“K-Pop and Nollywood Sitting In A Tree”

Relatively fresh scenes within the industry, Nollywood and Korean Cinema have not held back in what has been seen as influential content which has attracted the western world. Nollywood and the movement known as the ‘Korean Wave’ have established quite renowned placement within the entertainment industry where their works can be easily accessed through an array of platforms.

Nollywood is the term given to the Nigerian film industry. Emerging in the 1990’s, it has achieved unprecedented success in the homeland (Okome, 2007.) Though, when first introduced to this industry I thought “Surely, they mean Hollywood or Bollywood” as they are undoubtedly familiar. Nollywood gained international recognition for it’s films in the early 2000’s and In 2007, an estimated 1,687 feature films were produced in the country and put straight onto video for distribution rather then the more conventional theatre debut claiming them a spot on the podium at the thirds biggest film industry in the world, surprisingly with the industry’s young age and ‘shoestring budgets’ (Okome 2007). They show a mixture of melodrama often with middle class and upper class citizens, but with a high infusion of animist and magical culture providing solutions to problems that wouldn’t crop up in a Hollywood drama. The films encompass traditional characters and situations as well as television serials imported from places like Venezuela, Argentina, Mexico, Korea — countries that produce large numbers of TV soap operas.

Nollywood has seemed to start walking on its own, and this can be seen as an example of anti-globalisation. Today’s mainstream cinema depicts globalisation in all forms, whereby Nollywood’s organic nature displays itself as graffiti not being visible to all eyes around the country, but extensively present (Andrews, 2009)

In the same standards and dancing on the same bandwagon is Korean Cinema, it too has generated great success, impacting collectives of people globally. The Asian market for popular media has become that of a phenomenon with the advancement in social networking and content sharing. Korean film has increased drastically in popularity as seen by online broadcasters, placing at the 7th highest film producer in the world, with national film attendance totals by 2000 exceeding 70 million (Ryoo, 2009).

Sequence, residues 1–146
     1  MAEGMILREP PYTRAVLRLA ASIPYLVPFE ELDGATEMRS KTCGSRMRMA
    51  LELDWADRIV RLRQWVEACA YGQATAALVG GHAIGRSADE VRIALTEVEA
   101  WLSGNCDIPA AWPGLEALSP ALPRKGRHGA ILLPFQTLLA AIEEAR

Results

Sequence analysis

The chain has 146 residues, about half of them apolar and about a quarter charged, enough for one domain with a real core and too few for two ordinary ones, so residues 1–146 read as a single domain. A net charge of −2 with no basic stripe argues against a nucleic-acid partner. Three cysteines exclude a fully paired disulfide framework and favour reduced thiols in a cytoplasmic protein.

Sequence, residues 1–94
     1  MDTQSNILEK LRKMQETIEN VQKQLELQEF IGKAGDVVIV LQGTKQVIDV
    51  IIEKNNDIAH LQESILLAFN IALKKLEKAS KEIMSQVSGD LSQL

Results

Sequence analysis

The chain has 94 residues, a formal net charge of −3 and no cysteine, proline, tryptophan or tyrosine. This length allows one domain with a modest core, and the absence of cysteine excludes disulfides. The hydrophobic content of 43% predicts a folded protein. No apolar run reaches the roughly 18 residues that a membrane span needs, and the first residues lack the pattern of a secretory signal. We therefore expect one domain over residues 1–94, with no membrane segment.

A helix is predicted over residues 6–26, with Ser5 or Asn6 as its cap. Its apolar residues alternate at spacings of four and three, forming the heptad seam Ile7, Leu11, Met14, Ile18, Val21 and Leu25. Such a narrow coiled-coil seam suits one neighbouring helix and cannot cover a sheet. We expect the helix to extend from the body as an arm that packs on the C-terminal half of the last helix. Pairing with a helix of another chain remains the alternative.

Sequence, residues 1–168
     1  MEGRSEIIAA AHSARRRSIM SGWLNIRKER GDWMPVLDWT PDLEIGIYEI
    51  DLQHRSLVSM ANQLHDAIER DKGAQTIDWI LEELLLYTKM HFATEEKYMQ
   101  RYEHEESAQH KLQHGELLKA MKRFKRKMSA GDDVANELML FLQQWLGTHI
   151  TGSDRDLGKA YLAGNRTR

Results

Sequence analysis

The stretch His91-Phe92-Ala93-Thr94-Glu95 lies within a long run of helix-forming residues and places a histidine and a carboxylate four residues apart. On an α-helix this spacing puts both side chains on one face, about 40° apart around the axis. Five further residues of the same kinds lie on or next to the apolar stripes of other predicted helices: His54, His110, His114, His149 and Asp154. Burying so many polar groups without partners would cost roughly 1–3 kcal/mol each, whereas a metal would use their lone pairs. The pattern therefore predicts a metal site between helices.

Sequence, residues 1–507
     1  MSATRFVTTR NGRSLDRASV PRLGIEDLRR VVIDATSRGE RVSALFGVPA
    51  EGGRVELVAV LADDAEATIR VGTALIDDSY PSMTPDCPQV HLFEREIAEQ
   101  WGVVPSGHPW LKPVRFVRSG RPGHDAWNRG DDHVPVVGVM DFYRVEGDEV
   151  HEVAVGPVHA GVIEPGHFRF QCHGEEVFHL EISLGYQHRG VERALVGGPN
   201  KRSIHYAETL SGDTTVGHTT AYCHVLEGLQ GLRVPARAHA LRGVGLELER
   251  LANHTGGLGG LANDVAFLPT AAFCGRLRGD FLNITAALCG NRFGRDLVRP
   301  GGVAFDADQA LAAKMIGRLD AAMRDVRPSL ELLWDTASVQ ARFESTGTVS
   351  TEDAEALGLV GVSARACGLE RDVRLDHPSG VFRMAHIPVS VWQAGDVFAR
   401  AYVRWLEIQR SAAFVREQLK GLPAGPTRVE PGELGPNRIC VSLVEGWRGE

It is now one of the biggest exporters of music, film, and TV series in the Asian pacific. One popular example that made it to a western audience with an abundant of western influences was Psy’s “Gangnam Style” viral video.

It raised awareness for the genre of Korean pop music in the world, whom “are often seen as showing a fuller affinity for the region’s character, and to express more soulfulness than Western music”( Ryoo, W., p.140). The UN Secretary-General Ban Ki-moon praised it as a force for world peace, saying: “There are no languages required in the musical world…Through this promotion of arts we can better understand the culture and civilisations of other people…” (Heal, 2013). The flow of content across different platforms has allowed Korean cinema to take full advantage of the world wide web and establish a strong fan base internationally, the South Korean government stated the success of ‘Gangnam Style’ brought $13.4 million to the countries audio sector. (Sherwin, 2012).

Nollywood and Korean Cinema have emerged themselves in the entertainment industry and ultimately the world in terms of film, television and music. Not only has it generated revenue for each nation but it also has shared with the world the importance of their cultural identity, sharing messages that are globally alike and understood with many audiences.

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